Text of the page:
The Wedding at Cana

John 2:1-11

There was a wedding at Cana in Galilee, and the mother of Jesus was there. Jesus and his disciples were also invited to the wedding. When the wine ran short, the mother of Jesus said to him, “They have no wine.” And Jesus said to her, “Woman, how does your concern affect me? My hour has not yet come.” His mother said to the servers, “Do whatever he tells you.” Now there were six stone water jars there for Jewish ceremonial washings, each holding twenty to thirty gallons. Jesus told them, “Fill the jars with water.” So they filled them to the brim. Then he told them, “Draw some out now and take it to the headwaiter.” So they took it. And when the headwaiter tasted the water that had become wine, without knowing where it came from — although the servers who had drawn the water knew –, the headwaiter called the bridegroom and said to him, “Everyone serves the good wine first, and then when people have drunk freely, an inferior one; but you have kept the good wine until now.” Jesus did this as the beginning of his signs at Cana in Galilee and so revealed his glory, and his disciples began to believe in him.

The Wedding at Cana is one of my favorite Gospel stories for a few reasons. First, it’s nice to know that Jesus had a social life. He had friends. Because we know that Jesus was God, it may be difficult to imagine His having a normal life, including friends who would invite Him to their wedding. But, of course, the Scriptures tell us that Jesus was fully human, as well, like us in every way, except sin. So, it makes perfect sense that Jesus had friends, for friendship is a marvelous part of what it means to be human.

The fact that both Jesus and His mother, Mary, were at the wedding suggests that the couple getting married were friends of the family. Perhaps Jesus and the groom had known each other as boys and had grown up together. Perhaps Jesus often had the boy at over to His home, where the two would play outside while Mary cooked, and Joseph worked on his carpentry. Perhaps it would get late, and the boy would stay for dinner before running home. It’s a scene not unlike many I enjoyed when I was growing up, visiting the homes of my friends. It’s a scene not unlike many that are played out today.

A second reason I like this Gospel is that it shows the influence of the Blessed Mother in Jesus’ life and, in particular, on the initiation of His ministry. Mary, like any mother, is concerned that the wine has run out, and the implications that will have on the success of the wedding reception. So, she, knowing Who her son is, turns to Jesus and makes her point: “They have no wine.” Jesus, clearly, isn’t terribly impressed, perhaps not as clued in as a mother and a woman might be to the potential social disaster. Remember, He was a man, and like us in all ways, except sin.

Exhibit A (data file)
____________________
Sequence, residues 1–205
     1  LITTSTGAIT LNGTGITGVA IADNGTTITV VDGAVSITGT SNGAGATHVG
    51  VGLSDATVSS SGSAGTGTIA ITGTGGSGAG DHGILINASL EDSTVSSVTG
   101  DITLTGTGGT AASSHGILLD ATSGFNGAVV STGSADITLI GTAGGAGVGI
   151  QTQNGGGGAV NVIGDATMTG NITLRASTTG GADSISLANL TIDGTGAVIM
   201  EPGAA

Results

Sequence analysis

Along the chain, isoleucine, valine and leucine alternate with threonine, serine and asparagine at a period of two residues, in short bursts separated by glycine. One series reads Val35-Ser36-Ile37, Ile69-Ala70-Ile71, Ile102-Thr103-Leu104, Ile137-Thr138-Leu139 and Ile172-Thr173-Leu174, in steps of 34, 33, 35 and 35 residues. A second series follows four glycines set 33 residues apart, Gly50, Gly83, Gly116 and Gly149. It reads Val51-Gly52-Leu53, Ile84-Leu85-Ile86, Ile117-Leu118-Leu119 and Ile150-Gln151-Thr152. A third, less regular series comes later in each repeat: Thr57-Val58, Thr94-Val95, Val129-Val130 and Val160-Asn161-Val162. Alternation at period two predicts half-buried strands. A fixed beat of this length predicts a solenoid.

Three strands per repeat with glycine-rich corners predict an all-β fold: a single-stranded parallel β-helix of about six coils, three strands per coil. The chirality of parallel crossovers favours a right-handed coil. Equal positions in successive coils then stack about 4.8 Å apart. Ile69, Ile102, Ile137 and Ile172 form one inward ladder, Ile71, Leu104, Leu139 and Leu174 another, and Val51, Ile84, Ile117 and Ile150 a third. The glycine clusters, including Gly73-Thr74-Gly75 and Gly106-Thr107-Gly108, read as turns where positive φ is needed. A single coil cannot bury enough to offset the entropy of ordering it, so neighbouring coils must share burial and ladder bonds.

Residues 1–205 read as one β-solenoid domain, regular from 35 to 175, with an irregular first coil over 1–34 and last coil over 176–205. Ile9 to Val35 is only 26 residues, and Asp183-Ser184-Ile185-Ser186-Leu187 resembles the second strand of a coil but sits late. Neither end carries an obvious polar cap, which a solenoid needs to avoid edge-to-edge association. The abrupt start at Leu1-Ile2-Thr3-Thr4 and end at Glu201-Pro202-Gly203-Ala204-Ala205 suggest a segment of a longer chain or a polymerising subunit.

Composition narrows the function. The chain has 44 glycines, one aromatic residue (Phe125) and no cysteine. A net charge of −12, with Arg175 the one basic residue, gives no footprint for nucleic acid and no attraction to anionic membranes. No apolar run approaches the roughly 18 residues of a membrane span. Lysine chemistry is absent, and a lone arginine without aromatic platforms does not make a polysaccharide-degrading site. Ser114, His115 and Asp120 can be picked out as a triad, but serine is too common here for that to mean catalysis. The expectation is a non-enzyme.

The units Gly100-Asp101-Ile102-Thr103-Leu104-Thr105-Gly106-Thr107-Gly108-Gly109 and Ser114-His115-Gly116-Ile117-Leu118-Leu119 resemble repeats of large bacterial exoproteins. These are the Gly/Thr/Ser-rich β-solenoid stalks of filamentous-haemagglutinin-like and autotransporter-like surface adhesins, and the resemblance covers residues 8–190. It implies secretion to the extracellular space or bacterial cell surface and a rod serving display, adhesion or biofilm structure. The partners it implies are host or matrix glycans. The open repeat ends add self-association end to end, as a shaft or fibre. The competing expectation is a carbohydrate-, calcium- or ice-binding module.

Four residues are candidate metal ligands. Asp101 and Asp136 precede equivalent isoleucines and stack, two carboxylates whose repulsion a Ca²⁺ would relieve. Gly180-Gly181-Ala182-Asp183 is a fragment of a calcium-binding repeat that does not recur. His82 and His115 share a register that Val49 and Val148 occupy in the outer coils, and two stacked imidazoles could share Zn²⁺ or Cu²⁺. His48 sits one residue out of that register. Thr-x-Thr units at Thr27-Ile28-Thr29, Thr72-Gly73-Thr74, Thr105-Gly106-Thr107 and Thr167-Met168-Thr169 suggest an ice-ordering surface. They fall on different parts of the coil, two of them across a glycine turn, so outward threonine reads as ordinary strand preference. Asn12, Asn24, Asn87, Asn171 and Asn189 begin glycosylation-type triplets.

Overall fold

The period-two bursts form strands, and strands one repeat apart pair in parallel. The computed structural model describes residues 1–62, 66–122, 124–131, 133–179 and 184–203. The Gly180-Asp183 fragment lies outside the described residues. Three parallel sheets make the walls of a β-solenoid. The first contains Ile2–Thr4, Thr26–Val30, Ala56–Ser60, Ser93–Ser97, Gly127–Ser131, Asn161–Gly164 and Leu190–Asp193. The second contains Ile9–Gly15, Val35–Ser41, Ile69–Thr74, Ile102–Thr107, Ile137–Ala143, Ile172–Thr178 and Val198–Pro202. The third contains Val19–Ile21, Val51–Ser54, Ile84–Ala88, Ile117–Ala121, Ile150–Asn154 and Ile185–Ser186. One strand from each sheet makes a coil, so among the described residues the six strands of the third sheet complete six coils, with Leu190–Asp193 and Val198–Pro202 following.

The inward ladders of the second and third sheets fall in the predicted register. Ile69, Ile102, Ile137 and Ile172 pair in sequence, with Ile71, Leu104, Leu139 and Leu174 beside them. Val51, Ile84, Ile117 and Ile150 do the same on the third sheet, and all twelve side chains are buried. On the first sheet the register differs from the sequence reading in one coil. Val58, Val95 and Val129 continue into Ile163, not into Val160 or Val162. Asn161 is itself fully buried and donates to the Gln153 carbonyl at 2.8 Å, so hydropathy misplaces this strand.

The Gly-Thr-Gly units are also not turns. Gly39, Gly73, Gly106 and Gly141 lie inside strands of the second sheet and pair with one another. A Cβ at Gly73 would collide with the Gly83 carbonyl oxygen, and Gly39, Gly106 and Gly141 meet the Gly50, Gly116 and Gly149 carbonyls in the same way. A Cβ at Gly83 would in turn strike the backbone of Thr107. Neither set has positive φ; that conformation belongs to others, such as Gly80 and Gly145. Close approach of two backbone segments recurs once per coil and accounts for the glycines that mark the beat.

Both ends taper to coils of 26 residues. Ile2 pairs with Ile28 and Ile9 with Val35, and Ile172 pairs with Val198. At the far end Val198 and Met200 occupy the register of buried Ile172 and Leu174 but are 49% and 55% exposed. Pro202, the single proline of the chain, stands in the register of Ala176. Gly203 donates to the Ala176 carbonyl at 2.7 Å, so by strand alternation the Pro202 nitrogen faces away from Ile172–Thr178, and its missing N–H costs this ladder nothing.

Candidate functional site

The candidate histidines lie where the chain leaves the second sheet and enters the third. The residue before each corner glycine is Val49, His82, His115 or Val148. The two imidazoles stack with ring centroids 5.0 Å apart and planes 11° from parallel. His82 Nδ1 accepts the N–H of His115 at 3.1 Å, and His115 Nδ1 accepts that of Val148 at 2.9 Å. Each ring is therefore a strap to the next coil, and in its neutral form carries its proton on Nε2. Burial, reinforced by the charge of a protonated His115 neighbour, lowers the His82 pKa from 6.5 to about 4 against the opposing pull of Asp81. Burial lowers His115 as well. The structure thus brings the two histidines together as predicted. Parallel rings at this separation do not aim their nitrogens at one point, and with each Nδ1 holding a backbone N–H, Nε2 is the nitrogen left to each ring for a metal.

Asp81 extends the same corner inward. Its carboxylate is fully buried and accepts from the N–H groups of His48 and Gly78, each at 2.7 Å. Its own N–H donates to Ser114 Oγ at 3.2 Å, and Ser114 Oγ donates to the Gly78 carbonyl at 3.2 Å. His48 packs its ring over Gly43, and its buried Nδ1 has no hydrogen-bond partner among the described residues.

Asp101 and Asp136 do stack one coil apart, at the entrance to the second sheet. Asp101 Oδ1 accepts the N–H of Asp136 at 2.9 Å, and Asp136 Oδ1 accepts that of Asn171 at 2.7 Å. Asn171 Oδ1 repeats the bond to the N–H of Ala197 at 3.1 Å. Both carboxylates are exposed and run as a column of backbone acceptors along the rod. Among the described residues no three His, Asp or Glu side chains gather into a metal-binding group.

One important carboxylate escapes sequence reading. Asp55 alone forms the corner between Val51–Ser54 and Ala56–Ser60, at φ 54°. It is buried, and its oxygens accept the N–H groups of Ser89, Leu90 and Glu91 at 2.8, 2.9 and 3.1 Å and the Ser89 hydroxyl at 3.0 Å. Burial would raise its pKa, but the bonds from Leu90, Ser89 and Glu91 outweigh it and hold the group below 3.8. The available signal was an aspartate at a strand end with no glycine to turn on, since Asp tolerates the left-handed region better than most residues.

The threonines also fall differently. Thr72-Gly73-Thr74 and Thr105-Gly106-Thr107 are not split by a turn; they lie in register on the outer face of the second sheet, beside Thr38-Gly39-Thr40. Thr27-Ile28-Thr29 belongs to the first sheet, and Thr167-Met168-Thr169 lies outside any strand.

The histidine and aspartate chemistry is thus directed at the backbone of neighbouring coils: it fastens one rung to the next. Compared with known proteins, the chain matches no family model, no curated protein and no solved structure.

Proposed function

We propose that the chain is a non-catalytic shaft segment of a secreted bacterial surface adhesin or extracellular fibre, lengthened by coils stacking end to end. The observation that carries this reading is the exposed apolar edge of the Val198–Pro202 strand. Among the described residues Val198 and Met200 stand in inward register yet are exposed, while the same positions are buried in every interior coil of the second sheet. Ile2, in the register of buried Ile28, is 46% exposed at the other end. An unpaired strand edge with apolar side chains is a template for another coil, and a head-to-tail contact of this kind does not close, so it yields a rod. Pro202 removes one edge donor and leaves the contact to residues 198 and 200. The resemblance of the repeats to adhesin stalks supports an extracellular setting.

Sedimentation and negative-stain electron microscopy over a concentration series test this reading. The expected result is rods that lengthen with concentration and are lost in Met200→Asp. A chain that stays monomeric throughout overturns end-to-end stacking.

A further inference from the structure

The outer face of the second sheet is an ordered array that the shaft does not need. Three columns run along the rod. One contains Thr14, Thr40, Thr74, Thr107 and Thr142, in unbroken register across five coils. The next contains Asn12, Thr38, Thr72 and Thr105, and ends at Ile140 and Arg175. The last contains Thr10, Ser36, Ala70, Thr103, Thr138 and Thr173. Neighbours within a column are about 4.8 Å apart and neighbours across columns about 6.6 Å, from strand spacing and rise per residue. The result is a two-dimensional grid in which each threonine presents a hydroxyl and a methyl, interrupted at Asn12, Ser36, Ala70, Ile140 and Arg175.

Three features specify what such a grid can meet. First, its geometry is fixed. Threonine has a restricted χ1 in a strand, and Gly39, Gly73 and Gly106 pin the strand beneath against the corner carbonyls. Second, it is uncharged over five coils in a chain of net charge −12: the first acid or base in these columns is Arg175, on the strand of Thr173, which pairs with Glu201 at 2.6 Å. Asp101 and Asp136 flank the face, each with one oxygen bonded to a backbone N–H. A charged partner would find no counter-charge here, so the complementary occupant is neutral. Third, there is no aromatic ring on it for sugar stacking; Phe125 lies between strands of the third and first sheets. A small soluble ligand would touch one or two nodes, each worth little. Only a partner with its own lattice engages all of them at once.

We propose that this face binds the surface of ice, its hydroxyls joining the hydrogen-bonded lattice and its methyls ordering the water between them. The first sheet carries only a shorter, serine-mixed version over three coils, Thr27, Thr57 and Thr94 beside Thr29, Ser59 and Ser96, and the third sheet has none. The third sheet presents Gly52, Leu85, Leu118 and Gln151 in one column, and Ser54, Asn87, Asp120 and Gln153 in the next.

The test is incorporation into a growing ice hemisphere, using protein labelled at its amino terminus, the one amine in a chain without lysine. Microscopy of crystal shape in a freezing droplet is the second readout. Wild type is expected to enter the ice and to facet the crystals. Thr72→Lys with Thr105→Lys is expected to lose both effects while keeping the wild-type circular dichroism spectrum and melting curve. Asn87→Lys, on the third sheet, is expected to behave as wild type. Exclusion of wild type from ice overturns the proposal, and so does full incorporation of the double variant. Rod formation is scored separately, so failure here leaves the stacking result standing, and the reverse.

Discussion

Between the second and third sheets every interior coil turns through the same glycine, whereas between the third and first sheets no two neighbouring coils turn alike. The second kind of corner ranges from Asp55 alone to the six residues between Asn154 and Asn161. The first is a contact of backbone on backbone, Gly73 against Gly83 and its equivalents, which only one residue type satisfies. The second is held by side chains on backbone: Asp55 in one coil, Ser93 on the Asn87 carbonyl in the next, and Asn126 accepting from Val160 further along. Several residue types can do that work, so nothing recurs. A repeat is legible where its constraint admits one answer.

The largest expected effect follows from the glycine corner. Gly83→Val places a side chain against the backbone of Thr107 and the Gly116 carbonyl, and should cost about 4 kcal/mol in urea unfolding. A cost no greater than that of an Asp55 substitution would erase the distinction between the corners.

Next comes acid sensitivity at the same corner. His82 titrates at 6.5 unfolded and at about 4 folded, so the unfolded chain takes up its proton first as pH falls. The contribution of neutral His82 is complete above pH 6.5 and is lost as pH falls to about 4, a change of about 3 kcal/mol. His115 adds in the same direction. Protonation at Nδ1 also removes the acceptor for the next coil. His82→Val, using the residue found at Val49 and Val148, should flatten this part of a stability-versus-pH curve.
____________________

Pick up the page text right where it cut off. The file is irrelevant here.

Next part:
Jesus isn’t being rude in calling His mother “woman.” It was a perfectly normal and respectful response for the age and culture of first century Palestine. What is unusual is that He tells her that His hour has not yet come. Here we get a glimpse of the relationship between Jesus and Mary. Jesus knows Who He is, and He knows that His mother knows. He has a plan. He simply tells her that it’s not time yet to initiate His plan, His ministry. And here, in my mind, is the best part: Mary utterly ignores Him. She has no use for His plans. She sees a need. She knows He can meet this need. She dismisses His plans without comment, turning to the servers and instructing them to do whatever He tells them. The servers, for their part, have been listening in on the conversation. It becomes quickly apparent to them who is in charge here, and that it’s not the guy with the long hair and beard. So, they do exactly what Mary tells them, and look to Jesus for His instructions.

In the Gospel According to John, Jesus’ miracles are called signs, because they point to Jesus’ identity and mission. The Gospel tells us that Jesus’ turning the water into wine was the first of His signs. It revealed His glory. As a married man, it’s not lost on me that Jesus’ first sign took place at a wedding, the ceremony in which two become one by committing themselves to each other under God’s grace. Jesus’ first sign was a blessing to a newly married couple. He was able to extend that blessing to them because He was present at their wedding. He was present at their wedding because He had been invited. Jesus isn’t a wedding crasher. He says elsewhere, “Knock, and the door will be opened; seek, and you will find; ask, and it will be given you.” Our Lord is eager to bless us with His grace, but we must knock, we must seek, we must ask. The young couple being married at Cana invited Jesus to their wedding. We who are married can invite Him to our marriage, to be a part of the everyday struggles and triumphs of a life well lived together. He will surely bless you as He blessed the couple at Cana.

Be Christ for all. Bring Christ to all. See Christ in all.

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